Apex court releases text of Mir Quasem review verdict

Published : 31 Aug 2016, 16:23

Jagoroniya Desk
Al-Badr commander Mir Quasem Ali

The Appellate Division of the Supreme Court yesterday released the text of its earlier yesterday's verdict reconfirming the death penalty of 1971 war crimes convict and Al-Badr commander Mir Quasem Ali dismissing his review petition. 

"This petition is dismissed . . .," read the concluding line of the 29-page verdict pronounced yesterday by a five-member apext court bench headed by Chief Justice SK Sinha. 

Earlier in the morning, a five-member Appellate Division panel in its short judgment dismissed the review plea of 64-year-old death row convict, leaving him with only option to plead for presidential clemency as his last ditch effort to save his neck. 

Supreme Court officials said in line with the procedure, the full script of the verdict with signs of all the five members of the bench was set to be sent to International Crimes Tribunal (ICT), which originally sentenced him to death for committing crimes against humanity, for subsequent course of action. 

Earlier on June 19, the 1971 Al-Badr commander, notoriously known as Bengali Khan for his close association with Pakistani occupation army known as Khan Sena, filed the 68-page review plea to the department concerned of the apex court, seeking acquittal on 14 grounds. 

On June 6, 2016, the apex court released the full text of its 244-page appeal judgment. 

Mir Quasem later filed an appeal with the Appellate Division against his conviction. The apex court on March 8, 2016, upheld his death, with Chief Justice Surendra Kumar Sinha pronouncing, "The sentence (of the tribunal) is maintained."

During the appeal and review hearings chief defence counsel Khandaker Mahbub Hossain pleaded for comminuting his capital punishment considering Ali's "contribution towards the economy of the country".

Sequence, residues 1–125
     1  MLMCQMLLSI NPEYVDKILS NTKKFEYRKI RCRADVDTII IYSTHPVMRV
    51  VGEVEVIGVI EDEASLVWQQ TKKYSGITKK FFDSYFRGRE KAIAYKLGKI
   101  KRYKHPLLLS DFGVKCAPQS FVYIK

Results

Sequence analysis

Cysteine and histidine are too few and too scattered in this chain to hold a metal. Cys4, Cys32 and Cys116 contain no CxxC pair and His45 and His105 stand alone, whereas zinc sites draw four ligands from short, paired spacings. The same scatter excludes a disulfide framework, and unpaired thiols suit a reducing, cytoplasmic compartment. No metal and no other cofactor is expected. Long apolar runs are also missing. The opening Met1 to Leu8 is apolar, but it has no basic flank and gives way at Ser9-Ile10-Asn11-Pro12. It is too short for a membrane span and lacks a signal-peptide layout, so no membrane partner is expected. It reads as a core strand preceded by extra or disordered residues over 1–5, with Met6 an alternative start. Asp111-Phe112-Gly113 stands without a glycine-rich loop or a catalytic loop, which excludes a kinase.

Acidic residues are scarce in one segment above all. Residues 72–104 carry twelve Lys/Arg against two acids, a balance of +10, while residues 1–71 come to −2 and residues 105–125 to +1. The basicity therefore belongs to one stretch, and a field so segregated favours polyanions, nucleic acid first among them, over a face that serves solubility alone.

But the apex court in its final verdict yesterday observed that there was no scope for commuting his sentence as it found him guilty as "principal offender in committing crimes against humanity". 

"...on consideration of the culpability of the petitioner disagreed with the opinion of the tribunal regarding the petitioner's culpability and found him guilty as the principal offender. Therefore, there is no scope to commute the sentence," the 29-page review verdict said.

It said "crimes against humanity are taken as serious types of offence" while the term 'crimes against humanity' meant "atrocious committed on a large scale".

"If any person commits crimes against humanity and if the court finds that the offender directly participated in such crimes the court is left with little discretion in awarding the minimum sentence particularly in respect of serious crimes," the apex court observed.

The verdict added: "The petitioner (Ali) was one of the organizers of Al-Badar force at Chittagong, and this force was raised with the aim and object of killing pro-liberation forces and minority community. The force was known as 'killing squad'."

The apex court in its observation also mentioned that the accused not only organized the force at Chittagong but also he had commanded the force and directly participated in the perpetration of most barbarous acts unknown to human civilization. 

"He does not deserve any leniency on the question of sentence on consideration of the nature and gravity of the offence," it read.

Source: BSS

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